By Susan Carter
Horror stories sometimes circulate about disasters that struck doctoral research. Pat Cryer (2003: 213-215) lists examples of doctoral projects that hit walls and how they were salvaged through modification to timely completion.
Sometimes this really does occur. It can be that once the thesis is almost drafted, a new publication comes out seeming to cover the same ground. Publications may also produce new evidence that debunks a doctoral approach to the topic. Or results are so unexpected that the theoretical approach is rendered inappropriate—and results may be negative. It is not uncommon when a doctoral scholar is a few years into the project to come across different theories or methods that make those that are already laboriously written up seem out-dated or ill-fitting by comparison.
Cryer’s (2003) short section reminded me that one of the seldom-mentioned skills of independent researchers is being able to survive disaster and salvage projects by handling fairly radical revision. Perhaps this is something that supervisors need to point out to doctoral students: professional independence means the stamina to treat demanding revision as a job of work and handle it. As much as we have to be able to handle the review process, including multiple rejections, we need to be able to manage writing when the research trajectory changes after a manuscript has been largely constructed.
My own first experience was with the first article I wrote completely independently after completing my PhD. I was tutoring on limited term contracts that paid only for my time preparing and teaching. Preparation always took me ten times what I was paid for–good teaching evaluations were important as I began collecting evidence towards applications for a real job. I had moved on to an intriguing topic that I hadn’t covered in my PhD, so this was my first bit of truly independent research. It took several years to complete the article as I traced new veins of literature and positioned myself. When I submitted it, reviewers pointed me to two recent books on the same topic, whole books that did a beautiful job of making most of the points that I had.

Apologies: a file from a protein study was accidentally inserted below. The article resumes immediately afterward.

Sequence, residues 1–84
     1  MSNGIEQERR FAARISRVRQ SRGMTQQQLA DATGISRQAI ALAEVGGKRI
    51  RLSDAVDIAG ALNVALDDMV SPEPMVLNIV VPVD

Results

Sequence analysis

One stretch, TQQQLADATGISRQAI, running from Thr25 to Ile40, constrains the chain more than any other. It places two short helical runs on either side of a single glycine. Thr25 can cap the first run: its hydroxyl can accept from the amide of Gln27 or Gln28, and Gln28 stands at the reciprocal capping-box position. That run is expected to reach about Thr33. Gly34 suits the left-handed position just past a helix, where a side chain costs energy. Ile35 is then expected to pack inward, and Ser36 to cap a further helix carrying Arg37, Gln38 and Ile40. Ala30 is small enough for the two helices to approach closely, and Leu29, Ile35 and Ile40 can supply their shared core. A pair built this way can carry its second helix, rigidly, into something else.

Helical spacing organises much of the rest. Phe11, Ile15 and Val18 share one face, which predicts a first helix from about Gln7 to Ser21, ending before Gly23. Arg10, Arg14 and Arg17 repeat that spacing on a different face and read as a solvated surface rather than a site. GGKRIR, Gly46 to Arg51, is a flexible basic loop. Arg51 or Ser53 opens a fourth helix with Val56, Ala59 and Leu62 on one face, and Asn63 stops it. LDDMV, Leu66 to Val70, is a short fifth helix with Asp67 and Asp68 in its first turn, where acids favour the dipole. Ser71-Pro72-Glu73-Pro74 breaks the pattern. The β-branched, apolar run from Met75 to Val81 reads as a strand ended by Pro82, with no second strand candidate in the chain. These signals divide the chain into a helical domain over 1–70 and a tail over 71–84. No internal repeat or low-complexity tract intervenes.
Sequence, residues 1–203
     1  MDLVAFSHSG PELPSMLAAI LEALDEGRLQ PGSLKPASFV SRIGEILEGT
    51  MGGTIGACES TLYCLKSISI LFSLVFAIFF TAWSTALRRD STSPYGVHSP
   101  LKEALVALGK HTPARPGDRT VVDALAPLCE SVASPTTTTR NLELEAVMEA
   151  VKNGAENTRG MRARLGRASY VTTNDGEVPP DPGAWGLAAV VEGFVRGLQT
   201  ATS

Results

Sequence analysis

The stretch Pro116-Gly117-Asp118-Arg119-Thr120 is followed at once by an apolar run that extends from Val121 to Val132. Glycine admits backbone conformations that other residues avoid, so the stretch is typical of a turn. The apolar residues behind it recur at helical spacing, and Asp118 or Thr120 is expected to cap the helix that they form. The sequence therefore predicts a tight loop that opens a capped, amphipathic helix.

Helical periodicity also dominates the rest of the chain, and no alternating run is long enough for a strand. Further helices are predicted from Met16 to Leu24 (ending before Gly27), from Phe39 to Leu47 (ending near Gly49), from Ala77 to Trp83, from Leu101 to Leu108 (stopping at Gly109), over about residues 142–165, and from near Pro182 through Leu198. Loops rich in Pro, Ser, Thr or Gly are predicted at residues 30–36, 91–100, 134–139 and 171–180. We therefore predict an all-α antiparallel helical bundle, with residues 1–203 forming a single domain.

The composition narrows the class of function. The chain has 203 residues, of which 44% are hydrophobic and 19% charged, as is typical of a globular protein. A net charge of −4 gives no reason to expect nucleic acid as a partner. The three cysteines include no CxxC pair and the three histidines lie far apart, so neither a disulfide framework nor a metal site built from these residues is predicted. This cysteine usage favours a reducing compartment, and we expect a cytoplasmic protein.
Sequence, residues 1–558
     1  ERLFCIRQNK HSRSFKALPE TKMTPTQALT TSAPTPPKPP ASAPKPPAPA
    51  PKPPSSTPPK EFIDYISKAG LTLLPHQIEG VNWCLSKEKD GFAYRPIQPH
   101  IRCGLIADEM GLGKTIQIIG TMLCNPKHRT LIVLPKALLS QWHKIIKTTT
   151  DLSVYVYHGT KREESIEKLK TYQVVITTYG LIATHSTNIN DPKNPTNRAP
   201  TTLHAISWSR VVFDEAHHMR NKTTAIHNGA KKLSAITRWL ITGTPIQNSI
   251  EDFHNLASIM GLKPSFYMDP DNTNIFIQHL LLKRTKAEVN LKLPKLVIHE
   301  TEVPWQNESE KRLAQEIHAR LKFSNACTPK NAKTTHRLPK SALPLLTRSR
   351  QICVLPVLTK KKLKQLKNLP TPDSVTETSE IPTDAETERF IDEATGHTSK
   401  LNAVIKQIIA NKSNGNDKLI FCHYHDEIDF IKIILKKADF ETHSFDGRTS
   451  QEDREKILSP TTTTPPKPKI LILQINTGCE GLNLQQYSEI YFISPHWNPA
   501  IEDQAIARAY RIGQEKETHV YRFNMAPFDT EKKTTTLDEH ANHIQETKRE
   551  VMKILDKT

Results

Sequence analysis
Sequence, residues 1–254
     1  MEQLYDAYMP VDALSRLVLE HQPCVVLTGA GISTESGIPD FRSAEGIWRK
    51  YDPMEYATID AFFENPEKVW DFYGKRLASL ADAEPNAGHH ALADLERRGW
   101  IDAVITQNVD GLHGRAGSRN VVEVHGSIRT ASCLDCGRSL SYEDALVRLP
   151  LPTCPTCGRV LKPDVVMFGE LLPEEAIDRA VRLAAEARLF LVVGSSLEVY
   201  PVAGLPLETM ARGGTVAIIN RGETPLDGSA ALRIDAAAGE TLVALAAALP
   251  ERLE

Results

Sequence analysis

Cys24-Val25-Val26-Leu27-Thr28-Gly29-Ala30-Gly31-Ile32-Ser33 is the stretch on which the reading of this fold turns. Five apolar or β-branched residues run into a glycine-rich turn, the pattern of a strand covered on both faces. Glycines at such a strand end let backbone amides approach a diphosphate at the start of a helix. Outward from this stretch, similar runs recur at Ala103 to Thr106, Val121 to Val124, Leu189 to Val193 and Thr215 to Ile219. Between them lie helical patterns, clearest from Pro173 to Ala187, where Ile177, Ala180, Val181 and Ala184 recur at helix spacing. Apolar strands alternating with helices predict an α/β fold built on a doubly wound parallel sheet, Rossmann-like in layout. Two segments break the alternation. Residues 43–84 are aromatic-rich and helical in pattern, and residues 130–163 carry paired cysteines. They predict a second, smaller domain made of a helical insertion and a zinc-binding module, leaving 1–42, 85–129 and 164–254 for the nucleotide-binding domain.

After recuperating from feeling a chump, I read the books, and found that a couple of my less significant observations were not covered in them. My article had to be refocused to ‘add to recent interest’ in the topic and to foreground what had been less significant in my earlier version. I rewrote the introduction and conclusion, cut some stuff out, and theorised a bit more on those small points, taking them as far as I could. It worked and was published.
Retrospectively, I see that the unfolding of that project was another conceptual threshold crossing I made as a novice researcher: learning how to cope, adapt, make do, persevere and do it independently without the support of others. On the positive side, it means learning to value your own ideas to the extent that you will persist with them until they find the daylight of publication. As I watch doctoral students graduate, I’m only now realising that acquiring resilience for independent work is a vital research attribute, and one that it is perhaps impossible for supervisors to teach.
Perhaps we just have to go back to stories. Horror stories have appeal because they are affective, but I’m sure that there are stories like mine here that have happy endings because they describe salvage and recuperation. Supervisors and advisors could raise this attribute for research writer success: researchers not only have to handle rigorous review, but sometimes we need to learn to take work that we have done and turn in a new direction. The written thesis may yield more than one story with a little work.
When research writing is as lengthy as a doctoral thesis, this becomes more challenging: most doctoral students dread the spectre of someone else producing their findings before they can get over the completion line. Yet if it happens, it is the trial-by-fire likely to produce a strong survivalist researcher. Most doctoral students are spared the task of reworking the thesis at short notice before submission. Considering that spectre, though, might be a post-submission starting point for future publication.
I’m interested in other stories about what went wrong and what happened, especially when there is a happy ending. Have you got one of these? Perhaps even more relevant, do you have tips for how to teach doctoral students to handle writing revision?